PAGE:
After years of advocacy by Appalachian Voices and many others, the Virginia legislature 2020 session produced bold measures that will move us toward a cleaner, more equitable energy economy — but there is work left to do.
Mining companies owned by West Virginia Governor Jim Justice and his family have chronically violated environmental standards and failed to pay fines and fees. Virginia regulators recently issued notices of mine permit revocation and bond forfeiture for two of the family’s companies.
The Bottom Creek Gorge Preserve in Montgomery County, Va., contains more than 5 miles of trails and the second-highest waterfall in the state.
The Clean Economy Act would require Virginia to transition to 100 percent renewable energy and emit no carbon from the power sector by 2050.
A profile on Appalachian Voices member and Voice distributor Tom McIntosh.
CONTACT: Thom Kay, Senior Legislative Representative, firstname.lastname@example.org, 864-580-1843 Cat McCue, Senior Communications Strategist, email@example.com, 434-293-6373 Norton, Va. — Seven local governments in Southwest Virginia have passed resolutions calling on the state’s congressional delegation to support federal legislation that would reauthorize…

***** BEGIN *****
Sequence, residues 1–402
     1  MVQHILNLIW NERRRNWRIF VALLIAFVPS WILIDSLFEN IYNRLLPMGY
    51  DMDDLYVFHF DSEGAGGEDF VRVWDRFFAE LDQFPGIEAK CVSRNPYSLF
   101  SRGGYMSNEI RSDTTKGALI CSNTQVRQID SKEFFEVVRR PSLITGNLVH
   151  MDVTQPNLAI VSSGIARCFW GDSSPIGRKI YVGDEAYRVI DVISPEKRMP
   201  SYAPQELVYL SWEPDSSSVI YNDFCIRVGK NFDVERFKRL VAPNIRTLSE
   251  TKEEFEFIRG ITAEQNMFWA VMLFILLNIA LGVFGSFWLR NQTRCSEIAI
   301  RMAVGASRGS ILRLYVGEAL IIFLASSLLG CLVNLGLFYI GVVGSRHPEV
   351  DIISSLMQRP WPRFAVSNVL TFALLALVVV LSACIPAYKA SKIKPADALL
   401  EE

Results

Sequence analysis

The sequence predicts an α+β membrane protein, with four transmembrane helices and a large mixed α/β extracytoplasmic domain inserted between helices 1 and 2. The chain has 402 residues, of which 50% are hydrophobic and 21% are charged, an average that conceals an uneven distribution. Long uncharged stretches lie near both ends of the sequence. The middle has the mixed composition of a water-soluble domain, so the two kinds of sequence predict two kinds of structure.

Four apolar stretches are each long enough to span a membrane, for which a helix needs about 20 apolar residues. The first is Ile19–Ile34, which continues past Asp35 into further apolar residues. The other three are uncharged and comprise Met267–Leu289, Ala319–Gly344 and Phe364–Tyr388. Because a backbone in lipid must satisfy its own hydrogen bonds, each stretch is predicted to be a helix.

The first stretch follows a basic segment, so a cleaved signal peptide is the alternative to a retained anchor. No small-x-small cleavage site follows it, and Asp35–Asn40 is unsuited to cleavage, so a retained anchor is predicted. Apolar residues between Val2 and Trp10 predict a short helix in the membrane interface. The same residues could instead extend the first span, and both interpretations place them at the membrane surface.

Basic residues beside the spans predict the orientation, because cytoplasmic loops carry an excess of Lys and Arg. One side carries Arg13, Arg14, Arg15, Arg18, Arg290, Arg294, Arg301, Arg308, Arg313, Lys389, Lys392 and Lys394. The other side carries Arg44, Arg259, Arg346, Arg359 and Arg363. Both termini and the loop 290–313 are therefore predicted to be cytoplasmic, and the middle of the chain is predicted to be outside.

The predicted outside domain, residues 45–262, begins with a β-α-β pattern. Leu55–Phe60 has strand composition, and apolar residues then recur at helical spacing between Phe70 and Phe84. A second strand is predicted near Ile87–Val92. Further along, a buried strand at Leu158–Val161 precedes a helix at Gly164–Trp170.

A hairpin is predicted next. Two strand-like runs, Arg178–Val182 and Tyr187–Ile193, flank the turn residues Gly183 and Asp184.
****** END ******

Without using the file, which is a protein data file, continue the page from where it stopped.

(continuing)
Advocates for clean energy, environmental justice and fair electricity pricing are leveraging the shift in political power in Richmond to advance their missions. Here’s some of the bills Appalachian Voices is working on this session.
Localities across Appalachia and the nation have pledged to fully convert to green power — but restrictive policies and monopoly utilities are holding them back.
Public schools and other government entities in Virginia are unable to take advantage of the cost-saving benefits of solar due to restrictive policies put in place by Appalachian Power.
Federal regulators ordered Mountain Valley Pipeline developers to halt work in mid-October, and a community’s legal challenge against a proposed compressor station in Union Hill, Va., moved forward.